When did "television chef" become the career of choice for aspiring celebrities? Never has the field of TV chefs been as crowded. And sure, quite a bit of the credit/blame for that belongs to the Food Network, which serves as the main indoctrination center for all the pretty foodies who know their way around a double boiler and also know which camera to look in.
But part of the credit/blame must rest squarely on the collective shoulders of the American public. We have become so gluttonous and lazy that we crave not just more shows telling us what to eat and how to eat it, but more "colorful" personalities telling us how to prepare carambola cacciatora. It's a short trip from gracious Doyenne of Dinner, Julia Child, to the Jonestown-like cult of personality enshrouding Emeril Lagasse -- mass insanity is just one bam! away.
Fortunately, America has Alton Brown to lead us out of the corner we've almost finished painting ourselves into (or rather, basting with a light blood-orange-and-jalapeño marinade). Brown, the former actor and current star of Food Network's Good Eats, is decidedly different from his cheflebrity cohorts. He's a goofball -- but in a good way. His half-hour shows have a warped sensibility, rife with cheap sight gags, puns and strange "guest stars" (one episode revolved around his "sister" browbeating Brown into making cookies for her).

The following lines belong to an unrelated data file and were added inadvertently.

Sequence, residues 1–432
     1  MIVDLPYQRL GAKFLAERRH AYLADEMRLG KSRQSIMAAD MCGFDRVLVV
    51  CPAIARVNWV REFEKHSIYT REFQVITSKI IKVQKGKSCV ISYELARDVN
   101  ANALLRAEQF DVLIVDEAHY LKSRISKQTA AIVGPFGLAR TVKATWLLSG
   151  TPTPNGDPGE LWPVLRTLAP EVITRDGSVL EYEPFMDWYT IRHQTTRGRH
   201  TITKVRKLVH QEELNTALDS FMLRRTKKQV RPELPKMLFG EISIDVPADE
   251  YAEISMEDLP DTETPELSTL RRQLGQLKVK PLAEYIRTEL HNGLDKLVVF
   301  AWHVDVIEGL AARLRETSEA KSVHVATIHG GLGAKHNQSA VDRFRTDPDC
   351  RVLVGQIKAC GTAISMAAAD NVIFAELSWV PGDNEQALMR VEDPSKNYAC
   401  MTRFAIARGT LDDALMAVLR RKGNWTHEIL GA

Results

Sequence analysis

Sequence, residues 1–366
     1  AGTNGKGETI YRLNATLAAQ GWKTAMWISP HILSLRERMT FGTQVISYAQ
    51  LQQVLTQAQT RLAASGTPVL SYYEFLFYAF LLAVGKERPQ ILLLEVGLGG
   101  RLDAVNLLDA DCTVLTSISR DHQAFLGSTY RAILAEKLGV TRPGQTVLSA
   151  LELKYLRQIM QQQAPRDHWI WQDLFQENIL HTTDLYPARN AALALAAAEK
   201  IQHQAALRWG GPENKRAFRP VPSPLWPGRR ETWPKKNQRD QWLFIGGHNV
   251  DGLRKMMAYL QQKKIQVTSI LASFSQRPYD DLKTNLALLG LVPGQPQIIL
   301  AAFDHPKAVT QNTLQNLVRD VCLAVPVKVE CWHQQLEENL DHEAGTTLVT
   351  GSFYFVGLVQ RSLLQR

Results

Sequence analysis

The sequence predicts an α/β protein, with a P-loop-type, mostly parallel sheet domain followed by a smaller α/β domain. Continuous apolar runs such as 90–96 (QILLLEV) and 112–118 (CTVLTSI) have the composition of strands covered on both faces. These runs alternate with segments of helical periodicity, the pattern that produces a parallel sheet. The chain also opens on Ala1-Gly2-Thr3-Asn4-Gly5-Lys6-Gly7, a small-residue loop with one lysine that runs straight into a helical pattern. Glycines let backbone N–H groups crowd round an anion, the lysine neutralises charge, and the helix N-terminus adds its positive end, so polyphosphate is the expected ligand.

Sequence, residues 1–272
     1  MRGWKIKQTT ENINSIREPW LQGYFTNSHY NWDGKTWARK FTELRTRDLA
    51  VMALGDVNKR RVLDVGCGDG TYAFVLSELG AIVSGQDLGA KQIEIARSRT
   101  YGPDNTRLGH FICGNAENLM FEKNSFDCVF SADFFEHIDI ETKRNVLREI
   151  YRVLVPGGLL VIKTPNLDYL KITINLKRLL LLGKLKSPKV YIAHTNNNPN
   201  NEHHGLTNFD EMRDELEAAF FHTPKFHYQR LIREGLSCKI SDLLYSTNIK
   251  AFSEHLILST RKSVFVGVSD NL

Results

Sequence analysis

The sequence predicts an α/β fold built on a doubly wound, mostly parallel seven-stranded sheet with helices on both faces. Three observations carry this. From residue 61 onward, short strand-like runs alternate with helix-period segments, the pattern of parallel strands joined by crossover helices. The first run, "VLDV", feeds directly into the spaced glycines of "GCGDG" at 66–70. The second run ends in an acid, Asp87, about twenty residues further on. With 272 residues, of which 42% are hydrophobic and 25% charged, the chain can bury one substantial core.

And therein rests Brown's genius: He takes his food seriously, because it's food, but he doesn't take himself seriously. Brown's show is designed for people who love to eat (hence the name) and are a little unsure of themselves in the kitchen. As Brown notes in a post on his Web site (www.altonbrown.com), "You shouldn't live on . . . anything made by someone you wouldn't hug." You can hug Alton Brown; he'll probably hug you back and make a little something tasty, too.